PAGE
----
CareerConfident16 – Transitioning from student to professional

This post comes from my colleague Kayleigh McGarry; it’s partly a promo of our CareerConfident week of events next week but also includes information on the sorts of skills employers are looking for and some handy hints on faux pas to avoid when you’re networking and meeting with employers – invaluable advice if you’re making contact with employers as part of your labour market research! Rebecca

CareerConfident logo (400 x 80px)

Employers are increasingly looking for more than just strong academic results from students, as evidenced in last year’s CBI/Pearson Education And Skills Survey 2015, which found “businesses look first and foremost for graduates with the right attitudes and aptitudes to enable them to be effective in the workplace – nearly nine in ten employers (89%) value these above factors such as degree subject (62%)”.  It was also noted that many businesses had concerns over graduates’ general readiness for the workplace, with 46% of businesses surveyed highlighting concerns over graduates’ levels of business and customer awareness.

CareerConfident16 week will start on the 18th January 2016, and there are lots of events taking place to provide you with the skills to manage the transition from student to professional smoothly, including coverage of the types of work-readiness skills employers are looking for, such as effective communication, commercial awareness and networking.

It is inevitable, however, that there will be a learning curve when starting a new job, and even the professionals in the Careers Service have made/witnessed the following workplace errors which you should avoid:

#1 –  Don’t call me baby.

Always check whether it is appropriate to forward an email with the full chain of messages before it.  It may be easy to just click that forward button to fill someone in on the history of an email conversation but it may also not be appropriate, as recalled by one member of staff who had much hilarity reading an email from an external client who had been referring to his secretary in previous emails as ‘Baby’, ‘Sweetie’ and ‘Honey’.  In the same vain, carefully think about using the correct formality of tone in your own communications, it can be easy to slip into habits of everyday emailing and texting, however ending a work email with ‘xxx’ or ‘J’ is unlikely to be appropriate.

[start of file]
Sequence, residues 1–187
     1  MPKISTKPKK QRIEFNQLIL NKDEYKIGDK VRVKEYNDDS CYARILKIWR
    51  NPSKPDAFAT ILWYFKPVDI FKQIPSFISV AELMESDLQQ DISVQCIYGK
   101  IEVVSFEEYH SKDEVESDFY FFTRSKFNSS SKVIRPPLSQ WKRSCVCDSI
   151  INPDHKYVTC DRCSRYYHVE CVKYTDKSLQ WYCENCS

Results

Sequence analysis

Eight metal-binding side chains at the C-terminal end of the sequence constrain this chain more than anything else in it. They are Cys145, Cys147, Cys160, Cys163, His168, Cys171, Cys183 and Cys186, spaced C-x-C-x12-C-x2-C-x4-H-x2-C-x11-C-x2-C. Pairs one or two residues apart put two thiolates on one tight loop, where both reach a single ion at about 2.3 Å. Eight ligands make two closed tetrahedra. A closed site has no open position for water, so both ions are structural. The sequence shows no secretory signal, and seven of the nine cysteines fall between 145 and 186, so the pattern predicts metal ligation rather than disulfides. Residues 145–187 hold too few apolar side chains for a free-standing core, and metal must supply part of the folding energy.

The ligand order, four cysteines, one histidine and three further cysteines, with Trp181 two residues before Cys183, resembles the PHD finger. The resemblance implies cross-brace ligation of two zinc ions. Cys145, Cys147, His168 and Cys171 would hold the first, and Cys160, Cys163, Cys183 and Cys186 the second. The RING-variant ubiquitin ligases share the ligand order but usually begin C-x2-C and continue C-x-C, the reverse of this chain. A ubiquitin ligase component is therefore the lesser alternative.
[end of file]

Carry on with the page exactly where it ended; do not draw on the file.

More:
#2 – I’ll gerbil you tomorrow.

Spell check can be your best friend but also your worst enemy.  Too many words in English can be misspelled and become another real word.  So proof read anything formal or being sent to people who matter, as learned the hard way by one staff member who sent their boss an email starting “I know you are busty…” instead of “I know you are busy…”- luckily she had a sense of humour!

#3 – Small talk. Big embarrassment.

Many people struggle with an initial ice breaker at networking events, conferences and training sessions, particularly where you do not know anyone there.  However, it may be best to stay away from the following faux pas when you don’t know who you are talking to:

Question: “Have you worked here long?” Response: “Yes, I am your boss/head of the organisation/very senior colleague who you should probably know”

Question: “Do you even know whose retirement party this is?” Response: “Yes, it is mine”

Question: “When is it due?” Response: “It’s not – I’ve got two grown-up sons”

#4 – Mirror mirror on the wall, who is the most presentation ready of them all?

It is always worth double checking your appearance in the mirror before a presentation or important meeting, or failing that asking an honest colleague if you look presentation ready.  Our team have fed back numerous stories of food/drink misplacement, skirts tucked into tights, split trousers and extreme sweat patches which have taken away from a presenter’s performance.

You can minimise the risk of making workplace faux pas such as these by doing some research in advance of starting a new job or internship, such as checking with colleagues if any email guidelines exist, asking what is expected of you when attending a meeting and always clarifying instructions if you are not sure what you have been asked to do.  You can also get advice from employers, Careers Service staff and your peers by attending CareerConfident16.  More information, including how to book your place for an event, can be found on our website: www.ed.ac.uk/careers/confident

 

 

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